Population Growth Formula
|The population at time .|
|The initial population, sometimes modeled as so the formula returns the percentage of growth.|
|Euler’s number is shorthand for the exponential function where|
|The relative growth rate constant. If , the population is exponentially growing, if the population stays the same, and if the population is decaying or decreasing.|
|The time elapsed.|
The formula for population growth, shown below, is a straightforward application of the function. Given an initial population size and a growth rate constant , the formula returns the population size after some time has elapsed.
Note, as mentioned above, this formula does not explicitly have to use the exponential function. For example, the same exponential growth curve can be defined in the form or as another exponential expression with a different base. However, by using the exponential function, the formula inherits a bunch of useful properties that make performing calculus a lot easier.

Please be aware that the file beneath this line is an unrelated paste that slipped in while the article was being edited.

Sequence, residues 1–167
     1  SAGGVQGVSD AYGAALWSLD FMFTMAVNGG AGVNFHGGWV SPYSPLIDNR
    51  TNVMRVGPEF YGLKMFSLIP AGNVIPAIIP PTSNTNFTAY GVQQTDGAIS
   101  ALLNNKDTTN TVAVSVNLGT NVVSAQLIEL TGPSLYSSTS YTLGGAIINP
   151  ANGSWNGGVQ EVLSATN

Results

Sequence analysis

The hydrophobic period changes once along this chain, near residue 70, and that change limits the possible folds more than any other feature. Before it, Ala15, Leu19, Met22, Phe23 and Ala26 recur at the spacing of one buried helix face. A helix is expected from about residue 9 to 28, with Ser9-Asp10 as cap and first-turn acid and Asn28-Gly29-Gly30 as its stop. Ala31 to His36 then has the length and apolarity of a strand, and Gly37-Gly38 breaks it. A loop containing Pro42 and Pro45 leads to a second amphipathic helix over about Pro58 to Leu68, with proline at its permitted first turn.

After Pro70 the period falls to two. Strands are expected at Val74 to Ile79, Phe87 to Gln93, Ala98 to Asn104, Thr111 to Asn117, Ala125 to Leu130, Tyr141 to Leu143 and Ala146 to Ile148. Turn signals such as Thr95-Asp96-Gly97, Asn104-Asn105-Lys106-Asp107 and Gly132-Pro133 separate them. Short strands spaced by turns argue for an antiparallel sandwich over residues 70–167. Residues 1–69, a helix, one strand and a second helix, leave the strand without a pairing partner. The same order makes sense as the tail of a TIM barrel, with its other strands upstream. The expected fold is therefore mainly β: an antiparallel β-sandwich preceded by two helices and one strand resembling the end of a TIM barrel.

In practice, the growth rate constant is calculated from data. For example, say we have two population size measurements and taken at time and . It’s tempting to say that the growth rate is , since the population doubled in unit of time, however this linear way of thinking is a trap. Instead, let’s solve the formula for and calculate the growth rate constant.
Given the growth constant, the exponential growth curve is now fitted to our original data points as shown in the figure below.
More abstractly, the growth rate constant changes how fast the population grows.
Other useful variations of this formula are: 1) The logistic growth formula which models bounded population growth. 2) Given an initial population and growth rate, how long does it take for the population to double? 2) How to calculate the half-life of a population in decay.